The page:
The clinical phenotype of GH deficiency (GHD), but with elevated serum levels of GH, was originally described by Laron et al. (1) in 1966. Recognition that this syndrome was the consequence of GHI due to an abnormality of the GH receptor (GHR) evolved from studies pursued over the subsequent 25 yr (Table 1). Laron syndrome represents the primary hereditary form of GHI, but only part of the spectrum of GHI. A recent consensus document has proposed a classification for the various syndromes of GHI (see Table 2) (34). This review will focus on the clinical, biochemical, and molecular characteristics of GHR deficiency1 (GHRD) as the prototype of GHI. This condition, although rare, with only about 200 affected individuals worldwide, has been the subject of intense study over the last 5 yr, providing insights into the molecular, physiological, and clinical aspects of growth. The ability to document the effects of administered insulin-like growth factor I (IGF-I) synthesized by recombinant DNA techniques has made study of GHRD exceptionally rewarding.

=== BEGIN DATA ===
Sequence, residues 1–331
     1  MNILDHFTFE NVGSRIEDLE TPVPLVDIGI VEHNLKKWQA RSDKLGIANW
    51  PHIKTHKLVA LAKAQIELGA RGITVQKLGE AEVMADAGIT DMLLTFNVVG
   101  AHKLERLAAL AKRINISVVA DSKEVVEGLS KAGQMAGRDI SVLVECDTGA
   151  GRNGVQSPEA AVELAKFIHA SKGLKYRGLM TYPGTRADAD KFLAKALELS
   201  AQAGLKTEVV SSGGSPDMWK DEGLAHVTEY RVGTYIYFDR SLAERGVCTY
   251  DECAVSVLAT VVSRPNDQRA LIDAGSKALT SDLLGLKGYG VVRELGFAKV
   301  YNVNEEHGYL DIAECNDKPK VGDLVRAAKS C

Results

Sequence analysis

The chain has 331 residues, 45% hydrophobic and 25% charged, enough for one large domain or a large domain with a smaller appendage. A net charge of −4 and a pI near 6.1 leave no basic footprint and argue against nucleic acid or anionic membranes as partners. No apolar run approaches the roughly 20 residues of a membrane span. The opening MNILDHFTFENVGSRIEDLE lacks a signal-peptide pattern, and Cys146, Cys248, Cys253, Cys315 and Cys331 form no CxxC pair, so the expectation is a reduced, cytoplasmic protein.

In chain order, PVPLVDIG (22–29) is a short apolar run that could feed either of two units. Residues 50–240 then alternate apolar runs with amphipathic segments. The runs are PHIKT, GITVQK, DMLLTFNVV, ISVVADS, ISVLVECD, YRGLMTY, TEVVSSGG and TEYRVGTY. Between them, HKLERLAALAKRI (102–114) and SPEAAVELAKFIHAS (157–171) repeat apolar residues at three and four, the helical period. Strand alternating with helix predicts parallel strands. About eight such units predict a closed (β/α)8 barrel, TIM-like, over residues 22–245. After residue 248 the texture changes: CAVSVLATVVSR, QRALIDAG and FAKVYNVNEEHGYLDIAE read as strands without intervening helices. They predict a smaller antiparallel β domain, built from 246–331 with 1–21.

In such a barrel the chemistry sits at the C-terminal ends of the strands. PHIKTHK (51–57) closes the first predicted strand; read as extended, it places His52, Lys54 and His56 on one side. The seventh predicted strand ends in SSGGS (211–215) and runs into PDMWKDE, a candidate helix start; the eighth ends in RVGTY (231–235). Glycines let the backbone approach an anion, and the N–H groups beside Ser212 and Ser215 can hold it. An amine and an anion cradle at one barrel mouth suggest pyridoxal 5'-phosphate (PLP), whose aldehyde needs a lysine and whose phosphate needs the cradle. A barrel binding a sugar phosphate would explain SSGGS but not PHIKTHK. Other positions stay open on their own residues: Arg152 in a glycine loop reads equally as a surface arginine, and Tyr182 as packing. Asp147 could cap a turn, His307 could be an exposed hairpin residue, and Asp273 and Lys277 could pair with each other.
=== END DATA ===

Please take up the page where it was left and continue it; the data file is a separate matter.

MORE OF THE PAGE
ASJC Scopus subject areas
- Endocrinology, Diabetes and Metabolism